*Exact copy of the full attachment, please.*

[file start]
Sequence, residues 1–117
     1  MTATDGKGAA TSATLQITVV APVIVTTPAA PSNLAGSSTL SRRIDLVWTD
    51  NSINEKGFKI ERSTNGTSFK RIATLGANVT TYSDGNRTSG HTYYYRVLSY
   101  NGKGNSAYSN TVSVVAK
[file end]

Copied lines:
Sequence, residues 1–117
     1  MTATDGKGAA TSATLQITVV APVIVTTPAA PSNLAGSSTL SRRIDLVWTD
    51  NSINEKGFKI ERSTNGTSFK RIATLGANVT TYSDGNRTSG HTYYYRVLSY
   101  NGKGNSAYSN TVSVVAK